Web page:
Xi’s anti-corruption crackdown sought to regain people’s trust and rid a country known for endemic corruption at every level of society. The problem is that corruption was previously seen as a legitimate tool which was necessary to get anything done in China. Dig deep enough into a large swath of Chinese elite, and there’s a good chance that financial irregularities will be uncovered from past — if not present — dealings.

This is the crux of the issue: the Panama papers have only revealed the tip of the iceberg, casting serious doubts about the ultimate purpose of Beijing’s reforms. While the anti-corruption campaign seems to have improved the perception within China that the country is less corrupt, there can be no doubt that Xi is also using it as a tool to go after his political enemies. With the release of the Panama Papers, risk has mounted from both continued corruption and the strains on public faith in government that follow.

Corruption fuels environmental damage in China

If Xi’s anti-corruption drive was exposed as a one-sided affair (protecting those in his inner circle), his enemies would become empowered while the public would lose trust in the party. There is already deep resentment within China against the lack of respect towards regulations and the usage of personal networks for financial gain.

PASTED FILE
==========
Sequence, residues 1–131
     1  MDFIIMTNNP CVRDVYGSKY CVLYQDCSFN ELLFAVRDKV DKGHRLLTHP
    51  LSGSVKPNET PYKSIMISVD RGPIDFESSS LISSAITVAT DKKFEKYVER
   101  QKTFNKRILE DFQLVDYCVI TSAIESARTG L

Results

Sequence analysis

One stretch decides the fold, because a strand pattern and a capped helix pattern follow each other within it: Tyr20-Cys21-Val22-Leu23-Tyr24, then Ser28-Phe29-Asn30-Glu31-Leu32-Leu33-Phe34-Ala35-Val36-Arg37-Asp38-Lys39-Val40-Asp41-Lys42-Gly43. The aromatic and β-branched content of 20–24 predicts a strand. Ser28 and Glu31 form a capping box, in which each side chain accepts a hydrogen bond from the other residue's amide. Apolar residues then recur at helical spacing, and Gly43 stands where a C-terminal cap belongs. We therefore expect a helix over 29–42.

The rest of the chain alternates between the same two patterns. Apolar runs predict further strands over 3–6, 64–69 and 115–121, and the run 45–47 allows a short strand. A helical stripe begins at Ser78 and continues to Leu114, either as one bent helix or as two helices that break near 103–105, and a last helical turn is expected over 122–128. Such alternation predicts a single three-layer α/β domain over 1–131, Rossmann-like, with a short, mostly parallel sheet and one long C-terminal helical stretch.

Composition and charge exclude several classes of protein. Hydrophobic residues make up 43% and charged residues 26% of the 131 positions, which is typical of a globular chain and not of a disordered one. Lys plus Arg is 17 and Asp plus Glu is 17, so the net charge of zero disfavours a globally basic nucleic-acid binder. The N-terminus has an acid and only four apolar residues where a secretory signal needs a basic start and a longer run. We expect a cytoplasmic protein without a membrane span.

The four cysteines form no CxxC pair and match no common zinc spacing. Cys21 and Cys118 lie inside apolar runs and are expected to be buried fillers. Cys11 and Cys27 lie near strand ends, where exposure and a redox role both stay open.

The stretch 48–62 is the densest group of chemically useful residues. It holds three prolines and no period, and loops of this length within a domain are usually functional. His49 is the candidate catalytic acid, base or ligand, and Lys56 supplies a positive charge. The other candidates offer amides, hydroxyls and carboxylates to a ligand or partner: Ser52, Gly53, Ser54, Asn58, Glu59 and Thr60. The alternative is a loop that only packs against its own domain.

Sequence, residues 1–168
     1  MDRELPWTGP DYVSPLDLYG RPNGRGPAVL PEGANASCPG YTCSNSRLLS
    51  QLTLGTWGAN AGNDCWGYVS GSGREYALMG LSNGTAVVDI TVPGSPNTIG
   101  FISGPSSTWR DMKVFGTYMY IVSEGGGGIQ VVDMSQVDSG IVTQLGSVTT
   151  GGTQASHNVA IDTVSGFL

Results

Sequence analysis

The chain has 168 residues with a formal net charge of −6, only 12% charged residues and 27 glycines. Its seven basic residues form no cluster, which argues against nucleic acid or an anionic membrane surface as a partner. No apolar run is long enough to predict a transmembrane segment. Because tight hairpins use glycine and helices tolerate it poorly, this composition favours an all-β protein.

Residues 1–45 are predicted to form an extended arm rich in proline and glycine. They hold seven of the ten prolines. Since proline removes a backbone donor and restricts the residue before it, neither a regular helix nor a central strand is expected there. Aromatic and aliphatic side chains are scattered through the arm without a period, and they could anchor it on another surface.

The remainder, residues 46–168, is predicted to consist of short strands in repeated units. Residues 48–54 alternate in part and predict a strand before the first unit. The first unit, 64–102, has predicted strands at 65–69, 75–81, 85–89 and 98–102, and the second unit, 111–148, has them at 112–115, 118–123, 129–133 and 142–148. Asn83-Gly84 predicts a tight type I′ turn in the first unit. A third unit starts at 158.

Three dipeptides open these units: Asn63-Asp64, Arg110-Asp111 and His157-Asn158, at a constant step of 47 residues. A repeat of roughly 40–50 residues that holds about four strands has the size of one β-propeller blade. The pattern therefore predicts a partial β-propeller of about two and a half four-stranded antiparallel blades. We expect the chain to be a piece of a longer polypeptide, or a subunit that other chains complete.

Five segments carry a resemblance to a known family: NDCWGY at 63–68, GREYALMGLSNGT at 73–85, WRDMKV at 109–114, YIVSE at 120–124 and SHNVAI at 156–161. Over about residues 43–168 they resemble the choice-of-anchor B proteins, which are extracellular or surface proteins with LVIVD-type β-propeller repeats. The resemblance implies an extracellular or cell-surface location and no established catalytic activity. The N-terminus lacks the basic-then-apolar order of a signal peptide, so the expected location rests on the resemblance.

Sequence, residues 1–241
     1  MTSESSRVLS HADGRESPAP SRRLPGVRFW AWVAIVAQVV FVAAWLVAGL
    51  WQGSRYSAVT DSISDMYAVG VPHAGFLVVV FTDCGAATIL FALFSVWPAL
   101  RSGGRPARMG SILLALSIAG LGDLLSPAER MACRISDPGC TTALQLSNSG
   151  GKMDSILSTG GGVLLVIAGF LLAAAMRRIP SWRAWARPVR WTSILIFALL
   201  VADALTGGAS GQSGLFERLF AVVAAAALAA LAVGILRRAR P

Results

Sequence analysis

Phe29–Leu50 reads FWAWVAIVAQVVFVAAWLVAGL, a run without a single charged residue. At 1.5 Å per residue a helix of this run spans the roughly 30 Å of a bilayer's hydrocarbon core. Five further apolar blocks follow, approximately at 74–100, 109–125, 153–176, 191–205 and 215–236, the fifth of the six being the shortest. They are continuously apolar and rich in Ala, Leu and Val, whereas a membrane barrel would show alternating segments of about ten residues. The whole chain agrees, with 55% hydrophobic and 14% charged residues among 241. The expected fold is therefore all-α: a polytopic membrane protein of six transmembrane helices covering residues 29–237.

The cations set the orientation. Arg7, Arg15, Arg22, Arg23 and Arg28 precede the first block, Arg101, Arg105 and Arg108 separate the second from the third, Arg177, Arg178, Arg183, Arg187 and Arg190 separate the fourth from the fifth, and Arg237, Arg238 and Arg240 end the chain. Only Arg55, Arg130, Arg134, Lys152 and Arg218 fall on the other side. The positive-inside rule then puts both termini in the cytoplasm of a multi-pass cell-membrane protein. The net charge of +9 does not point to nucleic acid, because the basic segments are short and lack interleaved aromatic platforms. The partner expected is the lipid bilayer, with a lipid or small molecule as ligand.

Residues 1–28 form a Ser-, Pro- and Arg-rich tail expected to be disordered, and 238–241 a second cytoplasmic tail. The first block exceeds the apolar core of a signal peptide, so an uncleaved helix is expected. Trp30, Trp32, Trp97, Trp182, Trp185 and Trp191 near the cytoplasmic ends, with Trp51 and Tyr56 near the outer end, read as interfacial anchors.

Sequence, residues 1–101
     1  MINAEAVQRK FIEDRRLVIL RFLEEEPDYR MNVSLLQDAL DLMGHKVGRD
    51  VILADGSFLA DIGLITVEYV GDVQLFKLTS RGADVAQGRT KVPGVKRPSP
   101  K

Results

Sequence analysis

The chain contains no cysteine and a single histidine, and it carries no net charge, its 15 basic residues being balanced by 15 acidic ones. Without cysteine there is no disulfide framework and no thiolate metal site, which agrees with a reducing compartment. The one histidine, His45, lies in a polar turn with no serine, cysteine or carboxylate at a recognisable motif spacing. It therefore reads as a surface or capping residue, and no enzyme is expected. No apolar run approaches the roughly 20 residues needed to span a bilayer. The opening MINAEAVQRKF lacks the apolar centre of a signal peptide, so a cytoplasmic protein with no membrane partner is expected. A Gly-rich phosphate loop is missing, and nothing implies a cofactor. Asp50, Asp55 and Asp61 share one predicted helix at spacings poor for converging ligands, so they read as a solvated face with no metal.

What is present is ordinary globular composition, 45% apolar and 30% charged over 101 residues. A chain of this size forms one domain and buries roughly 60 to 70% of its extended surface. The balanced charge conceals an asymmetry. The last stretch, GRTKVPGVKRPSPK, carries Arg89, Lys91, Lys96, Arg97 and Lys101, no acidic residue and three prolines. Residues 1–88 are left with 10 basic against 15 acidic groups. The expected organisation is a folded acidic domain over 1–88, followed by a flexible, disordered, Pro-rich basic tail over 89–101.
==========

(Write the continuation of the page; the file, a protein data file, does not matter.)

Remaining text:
China: Panama Papers and Climate Change

Source: PEW Research Center

Both of these trends have exacerbated another point of tension — China’s environmental woes. While the government has made it a priority to improve environmental standards in the face of almost weekly reports on hazardous air pollution levels, the Panama Papers and their fallout risk shattering the belief that necessary reforms will actually be carried out.

Only a few months ago, the Sierra Club — one of the largest US environmental grassroots movements — revealed that 21 business executives across several heavy industries in China were responsible for more than 10% of China’s CO2 emissions. While 10% may seem minimal, the real concern is that many of these individuals were able to profit by bribing government representatives to turn a blind eye to flagrant violations of environmental regulations. As a result, these business leaders amassed fortunes of more than $70 billion.